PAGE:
graphic design

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By the People, By Other Means
Brooklyn-based graphic design studio Other Means discusses designing the book that accompanies the exhibition and their approach to "American" design.
1997-49-4
Burning Book Covers
If you’re judging this book by its cover, Chip Kidd’s 1989 design for Watching the Body Burn by Thomas Glynn might encourage you to wonder what crazy contents lie within. The disjointed imagery, text, and loud colors certainly draw consumer attention, but Kidd’s design is more than a sales tactic—the frenetic cover design complements the...
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Psychedelic Seats
This poster for the La Jolla Museum of Contemporary Art’s exhibition The Modern Chair: Its Origins and Evolution was designed by John van Hamersveld in 1977. Van Hamersveld, a California born and bred graphic designer, is most widely known as the artist behind the iconic 1964 Endless Summer movie poster. Incorporating fluorescent paints and striking graphic language, van Hamersveld brought...
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Summer of ’69
The brightly saturated colors of this August calendar page seem like a perfect salute to summer. To create the designs for this 1969 calendar, Takeshi Nishijima applied a paper-dyeing technique based on the traditional resist-dyeing process of katazome. Katazome relies on the use of katagami (stencils) to create hand-patterned textiles, most of which were used...
2013-16-4
Crossing The Line
This 2010 poster, designed by the French graphic designer Philippe Apeloig, advertises the annual interdisciplinary fall festival of the French Institute Alliance Française (FIAF) in New York City. Apeloig’s design employs the same fundamental typographic approach that he used in his 2006 poster, Vivo in Typo, whereby he manipulates the spacing of computer-generated punctuation to...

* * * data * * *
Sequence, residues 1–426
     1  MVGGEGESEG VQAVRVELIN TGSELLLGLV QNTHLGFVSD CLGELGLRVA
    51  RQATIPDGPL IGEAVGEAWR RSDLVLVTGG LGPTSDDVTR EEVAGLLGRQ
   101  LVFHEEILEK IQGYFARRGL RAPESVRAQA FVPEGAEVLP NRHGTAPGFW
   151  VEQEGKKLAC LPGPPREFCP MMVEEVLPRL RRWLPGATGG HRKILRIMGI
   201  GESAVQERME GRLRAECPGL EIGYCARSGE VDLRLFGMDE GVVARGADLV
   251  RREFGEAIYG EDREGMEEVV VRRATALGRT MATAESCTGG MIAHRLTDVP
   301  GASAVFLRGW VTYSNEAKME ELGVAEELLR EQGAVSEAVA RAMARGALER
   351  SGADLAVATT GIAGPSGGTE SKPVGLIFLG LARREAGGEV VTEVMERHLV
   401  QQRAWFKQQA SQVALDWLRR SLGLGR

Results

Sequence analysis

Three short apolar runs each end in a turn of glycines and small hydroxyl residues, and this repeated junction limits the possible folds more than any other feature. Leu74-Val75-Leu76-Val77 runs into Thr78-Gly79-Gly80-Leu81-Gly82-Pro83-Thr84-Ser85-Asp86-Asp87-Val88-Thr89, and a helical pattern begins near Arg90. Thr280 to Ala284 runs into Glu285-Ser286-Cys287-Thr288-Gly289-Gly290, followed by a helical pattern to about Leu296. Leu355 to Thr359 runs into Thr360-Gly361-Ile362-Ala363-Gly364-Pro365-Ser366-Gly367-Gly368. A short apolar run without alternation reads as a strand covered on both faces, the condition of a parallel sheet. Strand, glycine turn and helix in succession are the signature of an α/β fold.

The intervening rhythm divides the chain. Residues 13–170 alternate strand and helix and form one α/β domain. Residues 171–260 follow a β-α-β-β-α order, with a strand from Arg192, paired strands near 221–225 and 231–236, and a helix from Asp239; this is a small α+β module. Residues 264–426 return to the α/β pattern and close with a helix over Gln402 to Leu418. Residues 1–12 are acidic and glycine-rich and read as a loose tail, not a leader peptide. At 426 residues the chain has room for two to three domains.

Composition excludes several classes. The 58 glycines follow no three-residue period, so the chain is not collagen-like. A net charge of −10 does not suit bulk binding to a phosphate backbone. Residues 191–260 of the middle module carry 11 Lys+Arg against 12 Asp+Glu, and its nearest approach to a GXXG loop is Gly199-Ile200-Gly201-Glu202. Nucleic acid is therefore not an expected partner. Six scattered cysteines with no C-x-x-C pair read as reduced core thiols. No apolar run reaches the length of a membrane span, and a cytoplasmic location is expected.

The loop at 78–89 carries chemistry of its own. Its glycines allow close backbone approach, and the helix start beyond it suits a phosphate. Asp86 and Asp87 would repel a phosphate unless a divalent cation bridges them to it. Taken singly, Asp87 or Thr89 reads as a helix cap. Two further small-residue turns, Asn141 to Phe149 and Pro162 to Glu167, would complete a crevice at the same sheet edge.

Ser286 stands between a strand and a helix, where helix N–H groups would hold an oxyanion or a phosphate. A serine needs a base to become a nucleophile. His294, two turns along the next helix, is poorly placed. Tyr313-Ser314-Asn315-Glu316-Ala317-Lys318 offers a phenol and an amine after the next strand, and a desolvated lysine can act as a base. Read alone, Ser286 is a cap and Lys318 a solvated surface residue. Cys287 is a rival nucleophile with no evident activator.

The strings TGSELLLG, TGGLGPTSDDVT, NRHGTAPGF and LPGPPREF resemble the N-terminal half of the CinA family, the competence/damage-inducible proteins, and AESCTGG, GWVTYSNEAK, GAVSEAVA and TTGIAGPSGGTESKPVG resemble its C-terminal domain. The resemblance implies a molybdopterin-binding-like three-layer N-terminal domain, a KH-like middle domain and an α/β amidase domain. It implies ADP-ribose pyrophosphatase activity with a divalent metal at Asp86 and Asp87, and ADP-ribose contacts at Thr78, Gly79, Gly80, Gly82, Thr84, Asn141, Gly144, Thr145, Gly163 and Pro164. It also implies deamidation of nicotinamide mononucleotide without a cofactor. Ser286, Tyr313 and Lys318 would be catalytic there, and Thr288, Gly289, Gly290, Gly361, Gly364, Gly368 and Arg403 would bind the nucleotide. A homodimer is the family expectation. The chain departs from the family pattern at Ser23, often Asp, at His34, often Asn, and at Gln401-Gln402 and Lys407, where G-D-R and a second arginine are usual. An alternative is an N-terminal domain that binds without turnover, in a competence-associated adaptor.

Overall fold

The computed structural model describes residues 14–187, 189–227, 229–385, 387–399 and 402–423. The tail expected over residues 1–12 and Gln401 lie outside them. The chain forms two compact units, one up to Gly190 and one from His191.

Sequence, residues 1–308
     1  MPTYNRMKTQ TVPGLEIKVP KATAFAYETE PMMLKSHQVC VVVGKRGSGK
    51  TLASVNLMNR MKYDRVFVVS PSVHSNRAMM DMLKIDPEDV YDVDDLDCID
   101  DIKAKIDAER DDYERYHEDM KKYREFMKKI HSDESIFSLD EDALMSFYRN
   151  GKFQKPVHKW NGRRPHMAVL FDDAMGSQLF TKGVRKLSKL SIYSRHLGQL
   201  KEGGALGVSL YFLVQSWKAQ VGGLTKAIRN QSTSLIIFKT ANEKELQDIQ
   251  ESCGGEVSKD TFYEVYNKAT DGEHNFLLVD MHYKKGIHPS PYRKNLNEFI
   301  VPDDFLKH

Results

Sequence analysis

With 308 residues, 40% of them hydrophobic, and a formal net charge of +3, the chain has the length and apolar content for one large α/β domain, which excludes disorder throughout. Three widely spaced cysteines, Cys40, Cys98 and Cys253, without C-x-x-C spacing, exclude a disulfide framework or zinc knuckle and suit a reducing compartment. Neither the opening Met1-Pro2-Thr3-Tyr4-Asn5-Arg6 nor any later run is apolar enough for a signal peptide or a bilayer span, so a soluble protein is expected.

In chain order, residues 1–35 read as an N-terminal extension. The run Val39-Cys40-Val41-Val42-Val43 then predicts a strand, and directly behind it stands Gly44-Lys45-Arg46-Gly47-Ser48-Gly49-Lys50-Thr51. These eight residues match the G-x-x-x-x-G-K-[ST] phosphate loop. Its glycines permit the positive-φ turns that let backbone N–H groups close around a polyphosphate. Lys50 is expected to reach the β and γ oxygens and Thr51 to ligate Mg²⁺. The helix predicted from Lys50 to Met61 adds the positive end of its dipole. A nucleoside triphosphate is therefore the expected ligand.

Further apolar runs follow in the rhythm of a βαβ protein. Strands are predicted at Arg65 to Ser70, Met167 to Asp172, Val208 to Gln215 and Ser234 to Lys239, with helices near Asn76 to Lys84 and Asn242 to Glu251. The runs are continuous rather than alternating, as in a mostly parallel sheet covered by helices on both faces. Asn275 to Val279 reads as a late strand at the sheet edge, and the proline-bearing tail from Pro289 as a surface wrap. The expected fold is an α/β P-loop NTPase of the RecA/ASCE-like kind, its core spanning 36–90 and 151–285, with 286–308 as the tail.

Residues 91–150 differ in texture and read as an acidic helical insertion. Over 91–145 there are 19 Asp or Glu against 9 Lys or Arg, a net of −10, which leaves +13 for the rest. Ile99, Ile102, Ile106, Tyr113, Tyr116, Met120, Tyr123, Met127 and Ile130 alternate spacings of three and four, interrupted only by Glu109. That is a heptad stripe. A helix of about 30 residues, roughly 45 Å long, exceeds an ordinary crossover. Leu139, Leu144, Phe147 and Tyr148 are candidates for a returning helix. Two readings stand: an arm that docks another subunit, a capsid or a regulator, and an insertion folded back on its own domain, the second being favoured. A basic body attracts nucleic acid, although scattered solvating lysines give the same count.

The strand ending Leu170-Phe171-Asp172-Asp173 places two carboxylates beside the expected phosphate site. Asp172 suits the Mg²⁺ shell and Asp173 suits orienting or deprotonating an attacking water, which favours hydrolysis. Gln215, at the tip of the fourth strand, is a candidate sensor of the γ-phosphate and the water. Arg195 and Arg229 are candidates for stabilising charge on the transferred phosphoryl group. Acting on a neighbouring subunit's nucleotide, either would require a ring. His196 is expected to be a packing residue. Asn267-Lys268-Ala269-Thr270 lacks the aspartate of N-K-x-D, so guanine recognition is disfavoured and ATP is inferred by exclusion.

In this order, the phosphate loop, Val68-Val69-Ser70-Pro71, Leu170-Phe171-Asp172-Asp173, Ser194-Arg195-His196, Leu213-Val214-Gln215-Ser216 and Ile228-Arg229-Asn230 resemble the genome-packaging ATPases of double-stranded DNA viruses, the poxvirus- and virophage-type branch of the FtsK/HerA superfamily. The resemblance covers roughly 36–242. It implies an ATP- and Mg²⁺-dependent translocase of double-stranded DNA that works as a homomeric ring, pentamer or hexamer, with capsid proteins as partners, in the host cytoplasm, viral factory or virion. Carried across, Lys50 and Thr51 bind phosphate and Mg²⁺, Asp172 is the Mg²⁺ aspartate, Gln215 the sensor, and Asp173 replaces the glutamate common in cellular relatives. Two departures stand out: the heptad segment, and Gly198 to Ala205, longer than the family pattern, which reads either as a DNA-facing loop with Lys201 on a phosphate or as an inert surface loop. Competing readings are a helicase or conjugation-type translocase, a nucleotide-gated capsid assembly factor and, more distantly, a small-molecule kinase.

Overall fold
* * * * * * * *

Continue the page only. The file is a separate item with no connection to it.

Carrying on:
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Logo Gold
While the world’s best athletes are the obvious stars of the modern Olympic Games, countries hosting the games also have a unique opportunity to demonstrate their strengths on an international stage. The bold graphic identity of the 1968 Mexico City Olympics in this poster designed by Lance Wyman and Eduardo Terrazas intended to broadcast a...
soundoff
Sound Off!
Alvin Lustig was one of the most influential graphic designers of mid-20th century America, despite the unfortunate brevity of his career. Well-known for his designs of books, book jackets, and magazines, Lustig also designed several record jackets for albums of classical and concert band music. Four such albums bearing Lustig’s design are featured in Cooper Hewitt’s...
Manhattan Records
Rhythm of the City
Graphic designer Paula Scher adapted Piet Mondrian’s 1943 painting Broadway Boogie-Woogie when she created the graphic identity for Manhattan Records in 1984. On each LP that Manhattan Records released, the design is printed on the center label of sides A and B. When reflecting on her decision to turn to Mondrian, Scher explained “the strongest...
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Speaking in Tongues
Graphic designer Tibor Kalman made a circle of blue the visual centerpiece of Talking Heads’ 1983 release Speaking in Tongues. The circle is seven inches in diameter, just like a 45 record. But while the graphic might evoke the standard format of singles from the ‘50s, ‘60s and ‘70s, it was actually inspired by the...